“When I go to bed, I never know,” Norris admits. “I may wake up and not be able to talk. With the Parkinsonism, I could lose my speech, anything could happen one day, I think about that. That makes me nervous. But right now, I feel good. I’m pretty sure tomorrow too, I’ll wake up, and I’ll feel good. Then, five or 10 years down the road, anything could happen.”
His wife looks at her beloved husband, and nods. Momentarily she hangs her head, hiding her face, dwelling on the worst case scenario.
“Sometimes I’m like, wait a minute, my memory is going to,” she admits, half-kidding, only too aware nothing in life is guaranteed. “Our joke used to be, what if you can’t talk and I can’t see, because I wear contacts [lenses]! But we don’t live our lives in fear, we have fun, and when he’s down I pick him up, and when I get down, he picks me up. We’re a team and that’s how it is. But my biggest fear is that he’ll wake up one day and not remember me.”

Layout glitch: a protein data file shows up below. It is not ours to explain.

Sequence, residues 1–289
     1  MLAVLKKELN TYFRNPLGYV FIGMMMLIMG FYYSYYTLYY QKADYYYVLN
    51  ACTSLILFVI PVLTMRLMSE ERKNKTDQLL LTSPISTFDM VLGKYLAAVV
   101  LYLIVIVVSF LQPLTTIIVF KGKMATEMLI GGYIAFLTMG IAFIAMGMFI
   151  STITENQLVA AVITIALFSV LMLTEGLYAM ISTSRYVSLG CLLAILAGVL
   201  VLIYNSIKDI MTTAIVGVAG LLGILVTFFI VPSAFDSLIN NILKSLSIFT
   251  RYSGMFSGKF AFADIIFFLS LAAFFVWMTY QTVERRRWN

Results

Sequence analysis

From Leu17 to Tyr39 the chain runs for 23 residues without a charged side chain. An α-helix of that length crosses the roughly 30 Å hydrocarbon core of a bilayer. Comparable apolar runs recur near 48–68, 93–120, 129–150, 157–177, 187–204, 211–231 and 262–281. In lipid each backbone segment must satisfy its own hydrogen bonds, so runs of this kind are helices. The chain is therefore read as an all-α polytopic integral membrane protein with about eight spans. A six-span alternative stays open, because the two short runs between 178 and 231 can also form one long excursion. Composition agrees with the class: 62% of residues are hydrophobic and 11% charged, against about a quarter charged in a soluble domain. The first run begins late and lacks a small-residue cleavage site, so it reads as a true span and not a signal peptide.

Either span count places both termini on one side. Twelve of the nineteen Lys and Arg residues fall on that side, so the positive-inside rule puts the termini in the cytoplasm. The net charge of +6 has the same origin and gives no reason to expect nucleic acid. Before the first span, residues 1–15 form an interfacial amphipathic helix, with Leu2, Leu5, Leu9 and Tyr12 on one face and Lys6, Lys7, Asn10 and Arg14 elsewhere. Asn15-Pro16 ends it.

Terry reaches for his wife, his face alive with adoration. “Listen to me,” he says. “That will never happen. I will never forget her. I love her so much, she’s my best friend.”